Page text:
Gout And Alcohol: Does Drinking Affect Arthritis?

alcoholism and gout

Gout is inflammatory arthritis, which manifests as attacks of severe pain, tenderness, swelling, redness, and hotness of the joints, typically of the hands and toes. This inflammation is caused by deposition of uric acids in the joints, and alcohol is one of the factors that can cause this abnormal deposition.


What Is Gout?

Gout is a form of arthritis or joint inflammation characterized by sudden, severe attacks of pain, swelling, and redness in the joints, especially of the feet and toes.

It occurs as a result of uric acid accumulation and deposition in the joints. Uric acid is a product of the breakdown of substances called purines. Purines are found in certain foods, including seafood and red meat.

When uric acid accumulates in the body, it deposits as uric acid crystals in the joints – as well as the kidneys – causing severe inflammation.

The real question here, however, is does drinking alcohol cause gout? To determine this, one needs to understand the alcohol and gout mechanism.

Link Between Gout and Alcohol Consumption

One of the risk factors for gout is alcohol consumption. Others include high intake of purine-rich foods and dehydration.

The link between alcohol and gout is that it contains purines – which the body breaks down to uric acid. It also causes the breakdown of genetic materials called nucleotides, which are also sources of purines. In addition, alcohol increases the secretion of uric acid in the body and reduces its excretion through the kidneys.

Therefore, heavy consumption promotes the uric acid accumulation and, in turn, deposition in joints, increasing one’s risk of developing gout.

Does Alcohol Consumption Cause Gout?

Does alcohol cause gout? The short answer is yes.

Although not all persons that consume it develop gout, a high intake significantly raises one’s risk of having it.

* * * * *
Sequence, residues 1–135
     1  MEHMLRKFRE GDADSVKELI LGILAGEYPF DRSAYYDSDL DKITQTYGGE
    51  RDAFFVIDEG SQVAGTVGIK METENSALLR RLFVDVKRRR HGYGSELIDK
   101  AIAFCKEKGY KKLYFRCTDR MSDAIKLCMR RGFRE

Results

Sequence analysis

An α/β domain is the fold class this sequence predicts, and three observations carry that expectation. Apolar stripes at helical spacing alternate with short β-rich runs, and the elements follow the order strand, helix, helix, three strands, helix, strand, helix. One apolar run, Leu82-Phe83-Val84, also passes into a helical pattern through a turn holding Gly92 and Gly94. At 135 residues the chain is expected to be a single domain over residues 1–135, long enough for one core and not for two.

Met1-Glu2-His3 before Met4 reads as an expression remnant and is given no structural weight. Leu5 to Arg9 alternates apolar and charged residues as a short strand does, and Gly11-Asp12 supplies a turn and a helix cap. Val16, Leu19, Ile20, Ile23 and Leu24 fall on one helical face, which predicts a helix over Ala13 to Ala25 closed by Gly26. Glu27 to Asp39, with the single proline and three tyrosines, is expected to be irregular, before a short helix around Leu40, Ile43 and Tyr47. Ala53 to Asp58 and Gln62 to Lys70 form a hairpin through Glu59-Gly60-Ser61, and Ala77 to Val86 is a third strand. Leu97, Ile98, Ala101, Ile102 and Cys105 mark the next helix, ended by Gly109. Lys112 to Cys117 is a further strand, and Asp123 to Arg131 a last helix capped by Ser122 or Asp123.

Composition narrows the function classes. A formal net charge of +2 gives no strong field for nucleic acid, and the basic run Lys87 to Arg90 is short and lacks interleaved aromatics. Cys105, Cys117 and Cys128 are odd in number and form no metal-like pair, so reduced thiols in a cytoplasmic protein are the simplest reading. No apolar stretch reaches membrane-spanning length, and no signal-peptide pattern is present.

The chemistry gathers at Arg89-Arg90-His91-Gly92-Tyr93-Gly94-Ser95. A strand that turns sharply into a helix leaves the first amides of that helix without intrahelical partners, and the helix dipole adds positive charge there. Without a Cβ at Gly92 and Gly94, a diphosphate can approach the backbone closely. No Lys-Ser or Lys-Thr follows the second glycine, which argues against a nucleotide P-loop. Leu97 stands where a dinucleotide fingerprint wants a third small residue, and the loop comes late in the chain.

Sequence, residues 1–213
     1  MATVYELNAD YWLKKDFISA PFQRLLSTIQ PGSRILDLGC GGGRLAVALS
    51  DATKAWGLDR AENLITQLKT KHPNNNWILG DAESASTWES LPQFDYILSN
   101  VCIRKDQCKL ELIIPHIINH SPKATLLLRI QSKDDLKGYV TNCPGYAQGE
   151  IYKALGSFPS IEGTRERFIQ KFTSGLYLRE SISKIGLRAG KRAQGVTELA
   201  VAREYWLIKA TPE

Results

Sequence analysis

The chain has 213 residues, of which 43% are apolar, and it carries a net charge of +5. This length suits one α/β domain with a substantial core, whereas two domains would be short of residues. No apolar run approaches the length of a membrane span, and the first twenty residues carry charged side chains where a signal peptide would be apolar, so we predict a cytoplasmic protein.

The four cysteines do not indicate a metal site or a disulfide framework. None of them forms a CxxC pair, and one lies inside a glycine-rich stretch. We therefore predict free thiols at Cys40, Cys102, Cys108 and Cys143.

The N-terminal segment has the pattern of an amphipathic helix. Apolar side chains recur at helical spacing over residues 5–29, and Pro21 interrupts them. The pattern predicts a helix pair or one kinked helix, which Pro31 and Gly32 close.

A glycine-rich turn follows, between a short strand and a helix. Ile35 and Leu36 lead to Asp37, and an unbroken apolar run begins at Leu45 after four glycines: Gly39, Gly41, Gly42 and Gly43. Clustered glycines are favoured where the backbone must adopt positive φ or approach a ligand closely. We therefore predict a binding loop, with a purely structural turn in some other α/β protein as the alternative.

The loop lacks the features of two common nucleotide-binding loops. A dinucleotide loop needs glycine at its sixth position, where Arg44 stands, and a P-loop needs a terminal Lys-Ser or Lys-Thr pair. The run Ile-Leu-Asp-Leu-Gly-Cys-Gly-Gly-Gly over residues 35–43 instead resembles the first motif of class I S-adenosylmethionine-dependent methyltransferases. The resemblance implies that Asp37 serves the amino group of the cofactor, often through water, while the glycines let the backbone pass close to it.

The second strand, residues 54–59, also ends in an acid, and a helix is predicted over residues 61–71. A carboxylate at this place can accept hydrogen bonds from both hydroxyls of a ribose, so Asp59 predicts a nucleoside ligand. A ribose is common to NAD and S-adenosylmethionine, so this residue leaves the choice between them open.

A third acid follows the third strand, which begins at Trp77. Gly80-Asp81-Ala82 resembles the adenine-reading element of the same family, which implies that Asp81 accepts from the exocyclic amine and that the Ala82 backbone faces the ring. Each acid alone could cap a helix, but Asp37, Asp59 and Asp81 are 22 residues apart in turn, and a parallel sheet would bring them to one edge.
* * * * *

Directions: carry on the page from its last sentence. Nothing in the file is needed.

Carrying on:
With alcohol being a rich source of purines and a stimulant for uric acid production, it will increase the blood level of uric acid in an individual that consumes more than a moderate amount. This, in turn, will cause gout in that individual.

gout infographics

 Alcohol Causes Gout Flare-Ups

Does alcohol cause gout flare-ups? Yes, it does trigger attacks or flare-ups of gout. It’s role in uric acid production, and purine metabolism in the body causes a sudden rise in uric acid content in the blood, exacerbating an individual’s symptoms.

A recent study which investigated anecdotal reports of gout flare-ups revealed that alcohol was ten times more likely to cause flare-ups than other factors such as eating red meat or dehydration. This may suggest that of all gout causes, alcohol is one of the most important.

Can an Individual with Gout Drink Alcohol Safely?

Heavy intake of alcohol generally has many complications, including psychological complications such as the negative connection between alcohol and sex drive. Many people may not know that heavy drinking may also cause joint inflammation.

Doctors advise people with gout to ensure low blood uric acid levels. Because of the established connection between alcoholism and gout, one of the ways one can achieve this is by avoiding alcohol.

For patients with gout, doctors may recommend limiting alcohol consumption to moderate levels or completely abstaining from it to reduce the risk and frequency of flare-ups.